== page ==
John Allen Paulos receives prestigious AAAS Award for Public Understanding of S&T

For his tireless efforts to communicate the joy of mathematics to the public, Temple University Professor John Allen Paulos has been named to receive the highly coveted 2003 AAAS Award for Public Understanding of Science and Technology.... ...Paulos--described as "one of the greatest mathematical storytellers of all time" -- communicates the pleasures and insights of mathematics to huge audiences...

R. John Collier, PH.D wins Bristol-Myers Squibb Infectious Disease Research Award

(NEW YORK, N.Y) R. John Collier, Ph.D., Maude and Lillian Presley Professor of Microbiology and Molecular Genetics at the Harvard Medical School, was named winner of the Thirteenth Annual Bristol-Myers Squibb Award for Distinguished Achievement in Infectious Diseases Research for his major contributions to our understanding of the molecular mechanisms by which bacteria cause disease. His histor...

OXiGENE announces launch of ophthalmic clinical trial at The Johns Hopkins School of Medicine

Watertown, Massachusetts, July 2, 2003 OXiGENE, Inc. (NASDAQ: OXGN, XSSE: OXGN) today announced that The Johns Hopkins University School of Medicine will begin a Phase I/II clinical trial of the Company's lead vascular targeting agent, Combretastatin A4 Prodrug (CA4P). The study will be conducted in patients with a retinal degenerative disease known as wet age-related macular degeneration (AMD)...

Johns Hopkins researchers devise methods to evaluate disaster drills

Researchers at Johns Hopkins and Loma Linda universities have published what is believed to be the first peer-reviewed set of standards for planning and evaluating disaster drills anywhere in the world.... ..."Disaster simulation drills are widely used throughout the world and are considered a fundamental tool to evaluate and improve local disaster response," says lead author Gary B. Green, M.D.,...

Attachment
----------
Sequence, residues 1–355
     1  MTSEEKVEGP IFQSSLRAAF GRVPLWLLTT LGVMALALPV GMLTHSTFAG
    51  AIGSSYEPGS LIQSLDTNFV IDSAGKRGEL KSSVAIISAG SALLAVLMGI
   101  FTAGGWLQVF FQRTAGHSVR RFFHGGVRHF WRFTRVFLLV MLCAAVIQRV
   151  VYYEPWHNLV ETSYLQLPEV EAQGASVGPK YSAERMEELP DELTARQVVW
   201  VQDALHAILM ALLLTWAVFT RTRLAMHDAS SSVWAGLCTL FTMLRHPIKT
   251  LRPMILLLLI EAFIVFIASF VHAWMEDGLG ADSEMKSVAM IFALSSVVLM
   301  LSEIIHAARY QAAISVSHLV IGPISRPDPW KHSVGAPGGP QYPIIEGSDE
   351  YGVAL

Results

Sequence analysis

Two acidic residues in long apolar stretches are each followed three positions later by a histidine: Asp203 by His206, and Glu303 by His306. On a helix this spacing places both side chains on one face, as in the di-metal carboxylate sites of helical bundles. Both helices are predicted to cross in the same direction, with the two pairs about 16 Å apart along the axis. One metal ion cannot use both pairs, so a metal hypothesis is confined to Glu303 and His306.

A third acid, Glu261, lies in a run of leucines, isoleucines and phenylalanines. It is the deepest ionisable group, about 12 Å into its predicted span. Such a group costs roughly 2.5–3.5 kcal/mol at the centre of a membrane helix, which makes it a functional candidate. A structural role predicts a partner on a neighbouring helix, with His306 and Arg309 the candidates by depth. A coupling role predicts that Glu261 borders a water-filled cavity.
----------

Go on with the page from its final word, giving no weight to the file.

Chemical Heritage Foundation names John Baldeschwieler and George Hammond 2003 Othmer Gold Medalists

PHILADELPHIA -- April 2003 -- The Chemical Heritage Foundation (CHF) has selected two recipients for the 2003 Othmer Gold Medal: John D. Baldeschwieler and George S. Hammond. The award ceremony and the annual Othmer Gold Medal Luncheon will headline the Heritage Day festivities at CHF in Philadelphia, Pennsylvania, on Thursday, 12 June 2003.... ..."This year, we award the Othmer Gold Medal to tw...

Johns Hopkins scientists create forgetful mouse

Studying mice, scientists from Johns Hopkins have successfully prevented a molecular event in brain cells that they've found is required for storing spatial memories. Unlike regular mice, the engineered rodents quickly forgot where to find a resting place in a pool of water, the researchers report in the March 7 issue of the journal Cell....... The experiments are believed to be the first to prov...

A bed of microneedles: Johns Hopkins scientists' gadget measures muscle cell force

Using the same technology that creates tiny, precisely organized computer chips, a Johns Hopkins research team has developed beds of thousands of independently moveable silicone "microneedles" to reveal the force exerted by smooth muscle cells. ......Each needle tip in the gadget, whose development and testing is reported this week in the advance online edition of the Proceedings of the National...

Testing method improves management of Johne's disease in cows

MADISON - To be a successful dairy farmer, one must have a healthy herd of cows. But that health is often threatened by the presence of a common, contagious disease called Johne's disease that may require farmers to cull infected cattle. ... ...A professor at the University of Wisconsin-Madison School of Veterinary Medicine has developed a testing method that more precisely describes an animal's...

John Brauman to receive Linus Pauling Medal for achievements in chemistry

Chemist John I. Brauman will receive the 2002 Linus Pauling Medal at a symposium and banquet at Pacific Lutheran University in Tacoma, Wash., on Nov. 9.... ...Brauman, the J. G. Jackson and C. J. Wood Professor of Chemistry and cognizant dean for the natural sciences, is the 36th recipient of the award, which recognizes outstanding achievement in chemistry. Named for Nobel laureate Linus Pauling,...